The traits investigated in this study are important, as they have direct and indirect effects on seed yield and its nutritional components. Studies on vegetable amaranth showed the presence of wide range of diversity in both agronomic and qualitative traits especially leaf and stem color [38,39]. Xiao et al. [39] further opined that stem and leaf colour were useful indices in the classification of vegetable amaranths. Wu et al. [38] in a study of 229 genotypes from 20 Amaranthus species observed wide variability which was useful in cultivar improvement for agronomic traits such as plant height, seed yield, stem, and leaf color among genotypes. Similarly in this study, characters such as plant height, stem diameter, number of leaves per plant, leaf area, and seed yield had high coefficients of variation indicating scope for improvement in these traits through selection to enhance the potentiality of seed yield and plant vigor. Results from traits, such as days to 50% flowering, moisture content, starch, fat, protein, magnesium, manganese, and phosphorus had low values of coefficient of variation, which implies that chances of getting substantial gains under selection are likely to be less for these traits. Additionally, the negative correlation between plant height and number of leaves and branches is an indication that most of the tall accessions have fewer numbers of leaves and branches.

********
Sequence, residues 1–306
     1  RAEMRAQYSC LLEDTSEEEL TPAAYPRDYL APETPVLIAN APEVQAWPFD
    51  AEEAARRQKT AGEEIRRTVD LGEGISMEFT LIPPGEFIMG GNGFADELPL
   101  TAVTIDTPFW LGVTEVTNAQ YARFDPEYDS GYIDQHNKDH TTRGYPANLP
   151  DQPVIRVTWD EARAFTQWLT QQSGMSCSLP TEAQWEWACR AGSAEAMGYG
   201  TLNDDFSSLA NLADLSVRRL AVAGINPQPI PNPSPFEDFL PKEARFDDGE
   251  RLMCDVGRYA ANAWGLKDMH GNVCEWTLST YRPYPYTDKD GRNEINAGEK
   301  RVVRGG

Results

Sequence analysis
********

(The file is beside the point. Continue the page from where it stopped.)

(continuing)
In this study, the PCA showed that the first four PCs accounted for about 57.53% of the total variation encountered among the accessions taking into account all the 27 traits simultaneously. PC1 distinguished those accessions that gave high plant height, number of branches, stem diameter, leaf area, fat, zinc, and copper content. PC2 distinguished accessions having high values of number of leaves and most of the mineral contents (iron, aluminum, magnesium, potassium, selenium, phosphorus, and calcium). Although calcium content had some strength in PC2, it appeared more strongly in PC4. Selenium content was prominent in PC3, but appeared more strongly in PC2. This may be an indication that calcium and selenium are not strongly correlated with the rest of the traits and, hence, it could be possible to select for genotypes with high calcium and selenium content without necessarily affecting other economically important traits. PC3 distinguished accessions having high values of sugar, starch, crude fiber, and selenium content, while PC4 distinguished accessions having high seed yield, 100-seed weight, moisture, ash, protein, manganese, and calcium content. Protein has been reported to be a major contributing trait of PC2 in Amaranthus [2,40]; in this study protein is a major contributing trait of PC4.